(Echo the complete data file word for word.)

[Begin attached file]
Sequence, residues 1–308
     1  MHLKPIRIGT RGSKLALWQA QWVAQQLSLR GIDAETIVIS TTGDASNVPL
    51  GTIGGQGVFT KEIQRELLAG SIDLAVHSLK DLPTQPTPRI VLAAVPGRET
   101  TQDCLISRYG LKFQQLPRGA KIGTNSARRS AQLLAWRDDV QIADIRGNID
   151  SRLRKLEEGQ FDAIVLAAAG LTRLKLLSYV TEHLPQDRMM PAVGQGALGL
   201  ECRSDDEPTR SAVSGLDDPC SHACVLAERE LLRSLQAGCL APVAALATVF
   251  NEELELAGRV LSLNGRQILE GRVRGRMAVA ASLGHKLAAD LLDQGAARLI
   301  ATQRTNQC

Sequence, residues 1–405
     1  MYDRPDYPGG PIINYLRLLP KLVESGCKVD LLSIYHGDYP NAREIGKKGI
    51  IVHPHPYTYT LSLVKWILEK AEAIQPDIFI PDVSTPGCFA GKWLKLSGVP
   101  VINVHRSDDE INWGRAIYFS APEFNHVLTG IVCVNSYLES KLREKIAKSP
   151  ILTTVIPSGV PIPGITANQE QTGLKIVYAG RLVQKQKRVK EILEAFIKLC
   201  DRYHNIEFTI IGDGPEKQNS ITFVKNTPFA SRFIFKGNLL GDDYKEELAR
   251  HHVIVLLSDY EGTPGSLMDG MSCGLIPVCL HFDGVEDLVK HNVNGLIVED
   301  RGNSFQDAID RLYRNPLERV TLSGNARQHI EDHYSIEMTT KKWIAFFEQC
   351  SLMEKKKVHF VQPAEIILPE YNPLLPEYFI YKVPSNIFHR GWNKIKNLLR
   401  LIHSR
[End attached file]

Sequence, residues 1–308
     1  MHLKPIRIGT RGSKLALWQA QWVAQQLSLR GIDAETIVIS TTGDASNVPL
    51  GTIGGQGVFT KEIQRELLAG SIDLAVHSLK DLPTQPTPRI VLAAVPGRET
   101  TQDCLISRYG LKFQQLPRGA KIGTNSARRS AQLLAWRDDV QIADIRGNID
   151  SRLRKLEEGQ FDAIVLAAAG LTRLKLLSYV TEHLPQDRMM PAVGQGALGL
   201  ECRSDDEPTR SAVSGLDDPC SHACVLAERE LLRSLQAGCL APVAALATVF
   251  NEELELAGRV LSLNGRQILE GRVRGRMAVA ASLGHKLAAD LLDQGAARLI
   301  ATQRTNQC

Sequence, residues 1–405
     1  MYDRPDYPGG PIINYLRLLP KLVESGCKVD LLSIYHGDYP NAREIGKKGI
    51  IVHPHPYTYT LSLVKWILEK AEAIQPDIFI PDVSTPGCFA GKWLKLSGVP
   101  VINVHRSDDE INWGRAIYFS APEFNHVLTG IVCVNSYLES KLREKIAKSP
   151  ILTTVIPSGV PIPGITANQE QTGLKIVYAG RLVQKQKRVK EILEAFIKLC
   201  DRYHNIEFTI IGDGPEKQNS ITFVKNTPFA SRFIFKGNLL GDDYKEELAR
   251  HHVIVLLSDY EGTPGSLMDG MSCGLIPVCL HFDGVEDLVK HNVNGLIVED
   301  RGNSFQDAID RLYRNPLERV TLSGNARQHI EDHYSIEMTT KKWIAFFEQC
   351  SLMEKKKVHF VQPAEIILPE YNPLLPEYFI YKVPSNIFHR GWNKIKNLLR
   401  LIHSR